The flour and sugar we eat so much of today is refined and concentrated. The author likens it to other concentrated white powders: cocaine and heroin. Coca leaves give you a lift, but they aren't addictive. But when you refine the plant down into a powder you end up with cocaine, which is addictive.
So these super-concentrated foods are flooding our brains with dopamine, encouraging us to seek food all the time. This causes our brain to down-regulate the dopamine receptors, which creates a cycle of always wanting food and never being satisfied. In the book she describes a pattern noticed by doctors who treat eating disorders. Their overweight patients report feeling hungry when they sit down to eat, feeling slightly less hungry half way through, but then they get hungrier as they continue to eat and are as hungry as they were when they sat down at the end of the meal.
The answer? Completely cut out those concentrated, calorie-dense foods and your brain will heal. You won't be subjected to irresistible cravings, you will lose weight, many people feel their moods stabilize. As a person who has struggled with binge eating since the mid 2000’s and depression all my life, this is a big deal.
Some interesting facts:
Of the obese who try to lose weight, 99% fail. Most who succeed in losing weight will end up gaining it back. The average dieter makes 4 or 5 new attempts each year. It could not be more clear that dieting doesn’t work. We can't just will ourselves thin. Why?
The same part of the brain that controls willpower also governs our ability to focus, make choices, and regulate our emotions, and these resources are finite. When you’re tired, and you’ve made 10,000 decisions, and you’re trying not to lose your shit on your kids, you are using this part of the brain. It's called the anterior cingulate cortex, the seat of rational decision making. This area of the brain is also particularly affected by changes in blood sugar. It doesn’t work well without enough glucose. So when the day draws to an end and we’re tired and have low blood sugar, we won't make good decisions. It’s not willpower, its your brain.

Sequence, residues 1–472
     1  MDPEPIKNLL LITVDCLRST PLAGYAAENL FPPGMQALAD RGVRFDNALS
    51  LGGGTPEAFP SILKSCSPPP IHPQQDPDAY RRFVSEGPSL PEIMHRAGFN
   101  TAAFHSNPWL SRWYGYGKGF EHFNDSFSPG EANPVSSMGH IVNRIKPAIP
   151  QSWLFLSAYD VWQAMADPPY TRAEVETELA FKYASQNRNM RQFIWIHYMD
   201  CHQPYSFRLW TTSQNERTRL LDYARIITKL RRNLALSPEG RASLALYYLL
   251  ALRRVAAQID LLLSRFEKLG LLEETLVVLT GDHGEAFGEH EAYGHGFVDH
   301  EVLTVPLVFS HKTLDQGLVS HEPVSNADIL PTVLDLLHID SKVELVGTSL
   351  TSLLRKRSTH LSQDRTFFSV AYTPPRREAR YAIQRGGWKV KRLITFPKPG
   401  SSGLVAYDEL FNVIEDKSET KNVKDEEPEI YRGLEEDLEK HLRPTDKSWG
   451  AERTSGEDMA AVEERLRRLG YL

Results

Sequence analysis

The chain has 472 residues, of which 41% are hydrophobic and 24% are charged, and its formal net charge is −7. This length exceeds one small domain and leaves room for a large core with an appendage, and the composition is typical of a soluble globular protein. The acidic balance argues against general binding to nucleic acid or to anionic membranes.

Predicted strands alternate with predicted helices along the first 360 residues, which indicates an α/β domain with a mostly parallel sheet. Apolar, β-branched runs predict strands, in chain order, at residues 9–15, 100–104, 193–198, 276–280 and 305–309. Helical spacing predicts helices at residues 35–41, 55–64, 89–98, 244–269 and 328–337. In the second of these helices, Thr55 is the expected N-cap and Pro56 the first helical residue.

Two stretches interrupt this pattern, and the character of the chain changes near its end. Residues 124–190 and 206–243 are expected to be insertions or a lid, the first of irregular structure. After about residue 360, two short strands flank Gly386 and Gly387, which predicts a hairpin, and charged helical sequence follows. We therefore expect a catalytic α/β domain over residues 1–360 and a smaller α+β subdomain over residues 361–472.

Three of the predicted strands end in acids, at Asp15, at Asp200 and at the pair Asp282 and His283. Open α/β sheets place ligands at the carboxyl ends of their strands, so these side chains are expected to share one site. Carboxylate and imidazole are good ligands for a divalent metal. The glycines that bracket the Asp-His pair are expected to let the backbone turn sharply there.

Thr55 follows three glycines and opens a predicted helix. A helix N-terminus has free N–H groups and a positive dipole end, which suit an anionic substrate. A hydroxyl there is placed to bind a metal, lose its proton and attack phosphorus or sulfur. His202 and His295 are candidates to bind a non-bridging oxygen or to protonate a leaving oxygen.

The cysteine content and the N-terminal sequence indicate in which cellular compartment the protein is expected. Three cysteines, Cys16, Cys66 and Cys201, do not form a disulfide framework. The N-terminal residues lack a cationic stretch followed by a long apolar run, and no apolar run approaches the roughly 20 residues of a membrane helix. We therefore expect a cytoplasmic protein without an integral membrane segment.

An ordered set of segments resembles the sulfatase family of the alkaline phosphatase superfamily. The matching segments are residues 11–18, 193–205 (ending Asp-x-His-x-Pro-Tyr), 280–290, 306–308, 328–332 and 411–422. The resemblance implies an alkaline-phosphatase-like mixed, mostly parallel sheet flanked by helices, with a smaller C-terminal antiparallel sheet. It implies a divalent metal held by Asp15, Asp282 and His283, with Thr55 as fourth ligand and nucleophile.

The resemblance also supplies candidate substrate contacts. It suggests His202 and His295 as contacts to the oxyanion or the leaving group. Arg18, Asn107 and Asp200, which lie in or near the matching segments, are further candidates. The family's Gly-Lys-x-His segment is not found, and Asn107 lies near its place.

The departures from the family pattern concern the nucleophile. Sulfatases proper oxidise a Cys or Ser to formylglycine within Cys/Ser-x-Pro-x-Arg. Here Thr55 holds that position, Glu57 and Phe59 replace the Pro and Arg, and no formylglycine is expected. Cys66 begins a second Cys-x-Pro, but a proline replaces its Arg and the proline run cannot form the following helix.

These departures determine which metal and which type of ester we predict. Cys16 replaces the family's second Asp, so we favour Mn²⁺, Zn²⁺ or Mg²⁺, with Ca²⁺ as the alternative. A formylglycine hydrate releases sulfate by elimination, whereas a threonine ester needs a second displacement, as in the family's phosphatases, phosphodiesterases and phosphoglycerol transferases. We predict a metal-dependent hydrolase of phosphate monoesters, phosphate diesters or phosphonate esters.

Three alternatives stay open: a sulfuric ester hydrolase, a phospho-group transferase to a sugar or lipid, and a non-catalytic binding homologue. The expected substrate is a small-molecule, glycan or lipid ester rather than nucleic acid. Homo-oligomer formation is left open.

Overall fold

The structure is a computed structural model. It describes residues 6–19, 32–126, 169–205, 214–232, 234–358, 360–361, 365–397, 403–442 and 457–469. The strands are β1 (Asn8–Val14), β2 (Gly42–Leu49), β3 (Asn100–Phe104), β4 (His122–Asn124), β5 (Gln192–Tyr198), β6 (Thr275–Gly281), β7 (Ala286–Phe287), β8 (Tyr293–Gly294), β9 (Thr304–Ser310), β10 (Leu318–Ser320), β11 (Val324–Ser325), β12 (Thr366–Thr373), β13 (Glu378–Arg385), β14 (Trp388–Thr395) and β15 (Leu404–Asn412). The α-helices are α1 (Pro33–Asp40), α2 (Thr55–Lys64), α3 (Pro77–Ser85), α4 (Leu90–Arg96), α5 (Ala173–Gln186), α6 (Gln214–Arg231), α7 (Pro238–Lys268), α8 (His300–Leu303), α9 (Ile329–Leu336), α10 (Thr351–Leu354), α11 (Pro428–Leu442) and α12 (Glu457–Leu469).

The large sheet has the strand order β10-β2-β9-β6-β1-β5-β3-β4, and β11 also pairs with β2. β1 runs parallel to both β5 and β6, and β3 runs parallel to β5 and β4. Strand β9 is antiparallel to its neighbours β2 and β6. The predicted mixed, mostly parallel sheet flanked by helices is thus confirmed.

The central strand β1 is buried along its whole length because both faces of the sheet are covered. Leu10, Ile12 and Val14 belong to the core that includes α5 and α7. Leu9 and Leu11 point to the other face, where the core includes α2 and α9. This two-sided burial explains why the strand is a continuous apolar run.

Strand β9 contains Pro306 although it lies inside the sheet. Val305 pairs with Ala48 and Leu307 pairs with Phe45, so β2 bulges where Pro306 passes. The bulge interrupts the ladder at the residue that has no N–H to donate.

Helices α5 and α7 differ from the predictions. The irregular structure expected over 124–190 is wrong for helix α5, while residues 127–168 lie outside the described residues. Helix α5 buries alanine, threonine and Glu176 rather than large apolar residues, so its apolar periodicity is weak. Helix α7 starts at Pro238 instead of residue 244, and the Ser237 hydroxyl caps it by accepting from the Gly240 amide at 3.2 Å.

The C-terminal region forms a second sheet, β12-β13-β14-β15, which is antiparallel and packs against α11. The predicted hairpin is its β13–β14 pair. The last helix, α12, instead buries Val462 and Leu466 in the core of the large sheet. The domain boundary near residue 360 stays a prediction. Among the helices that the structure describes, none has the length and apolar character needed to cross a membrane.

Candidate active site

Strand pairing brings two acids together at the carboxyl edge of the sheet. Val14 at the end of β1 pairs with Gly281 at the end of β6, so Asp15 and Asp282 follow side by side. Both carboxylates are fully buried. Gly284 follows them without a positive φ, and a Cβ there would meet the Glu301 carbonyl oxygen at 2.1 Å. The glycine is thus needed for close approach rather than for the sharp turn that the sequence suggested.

The plan is more specific than just cutting out flour and sugar. It’s a totally regulated plan that you do not break from. That’s why its called bright lines. The bright lines are boundaries. It’s a commitment. But, if you could be free from food addiction forever, wouldn’t you do almost anything? I would.
I don't follow the plan to the letter, at least not yet. I simply cut out sweeteners of all kinds, most flour, and use a calorie-counting app to stay accountable.So far I’m two weeks in and I feel fantastic! I have tons of energy and almost no cravings at all. I feel in control for the first time in a long time. If at some point this isn't easy to maintain I might commit to the Bright Lines eating plan as written. The science seems really solid.
Have you read or followed Bright Line Eating? Let us know what you thought in the comments!
I am Jessica DaCosta, I'm a proud cannabis enthusiast, advocate, and mom of two.